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An aerial view of New Kingston, Jamaica. (Photo: wikicommons)

Jamaica’s unemployment figures tick upwards as COVID-19 bites

An aerial view of New Kingston, Jamaica. (Photo: wikicommons)

Jamaica’s unemployment rate increased by 3.5 percentage points between October 2019 and October 2020 to leave 10.7 per cent of Jamaica’s labour force unemployed.

An overhead view of a section of New Kingston in Jamaica (File photo)

The number were released yesterday by the Statistical Institute of Jamaica (STATIN) which further noted that the labour force declined by 51,500 or 3.8 per cent over the year.

During October 2019, the unemployment rate stood at 7.2 per cent. Since then, the onslaught of the novel coronavirus disease has affected all areas of society resulting in increased unemployment, closure or reduced operation of some businesses and wholesale contraction across all major industries.

“The impact of the reduction in employment was larger for females in each group.”

– Director general of STATIN Carol Coy

At a quarterly press briefing held virtually yesterday, director general of STATIN Carol Coy, in reporting on the findings of the Labour Force Survey (LFS) held last October, said that up to the review period there were 137,800 people unemployed within the country.

The October LFS marked the third such survey to be conducted last year following the cancellation of the April 2020 survey due to the impacts of COVID-19.

STATIN, in its report, further said that while the unemployment rate increased for both males and females— the figures for female unemployment recorded the largest increase.

The unemployment rate for males increased by 2.7 percentage points from 6.0 to 8.6 per cent and for females, it increased by 4.4 percentage points, from 8.6 to 13.0 per cent.

Up to October 2020 the number of unemployed females grew by 44.4 per cent or 23,700 to 77,100, while the number of unemployed males was 60,700, an increase of 40.2 per cent. The unemployment rate for males and females measured 8.6 per cent and 13.0 per cent respectively.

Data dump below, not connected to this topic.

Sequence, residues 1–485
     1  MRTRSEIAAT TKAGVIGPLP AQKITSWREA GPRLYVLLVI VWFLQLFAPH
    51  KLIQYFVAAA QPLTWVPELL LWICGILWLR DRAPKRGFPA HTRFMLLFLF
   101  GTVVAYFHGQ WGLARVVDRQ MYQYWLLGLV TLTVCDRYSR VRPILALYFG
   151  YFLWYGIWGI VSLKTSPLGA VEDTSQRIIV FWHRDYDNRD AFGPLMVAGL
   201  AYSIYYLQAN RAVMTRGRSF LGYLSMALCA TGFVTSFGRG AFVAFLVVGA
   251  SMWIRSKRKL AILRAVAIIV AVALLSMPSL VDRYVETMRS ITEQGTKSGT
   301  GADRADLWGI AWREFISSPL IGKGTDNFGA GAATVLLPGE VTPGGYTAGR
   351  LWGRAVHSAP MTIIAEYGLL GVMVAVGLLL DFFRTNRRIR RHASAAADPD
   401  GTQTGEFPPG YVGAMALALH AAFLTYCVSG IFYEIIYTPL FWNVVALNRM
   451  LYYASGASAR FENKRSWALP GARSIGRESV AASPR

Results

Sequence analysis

“The impact of the reduction in employment was larger for females in each group. There were 14,300 fewer males in ‘arts, entertainment, recreation and other services’ compared to a decline of 22,600 females. In ‘accommodation and food service activities’ there were 10,900 fewer males employed in the industry group and 12,500 fewer females. ‘wholesale and retail trade; repair of motor vehicles and motorcycles’ had 7,100 fewer males and 8,700 fewer females in October 2020 than in October 2019,” Coy outlined in her report.

According to STATIN, the rate of youth (14-24 years) unemployment was also 6.7 percentage points higher than the previous year when it measured 21.1 per cent.

“The unemployment rate for male youth was 23.3 per cent compared to 18.2 per cent in October 2019. For females, the rate was 33.4 per cent which was 8.7 percentage points higher than the rate in October 2019,” Coy said.

STATIN during the briefing also provided update on the Housing and Population Census, which was initially scheduled to take place this year.

According to the entity, the population counting exercise would not be undertake until April 2022 due to the continued impacts of pandemic. A dry run or pilot phase of the census is however expected to be conducted next month.

“The pilot phase is a fundamental part of the census planning process. It allows for a comprehensive test of all census processes. Data will be collected from a sample of dwellings selected from all 14 parishes,” Coy stated.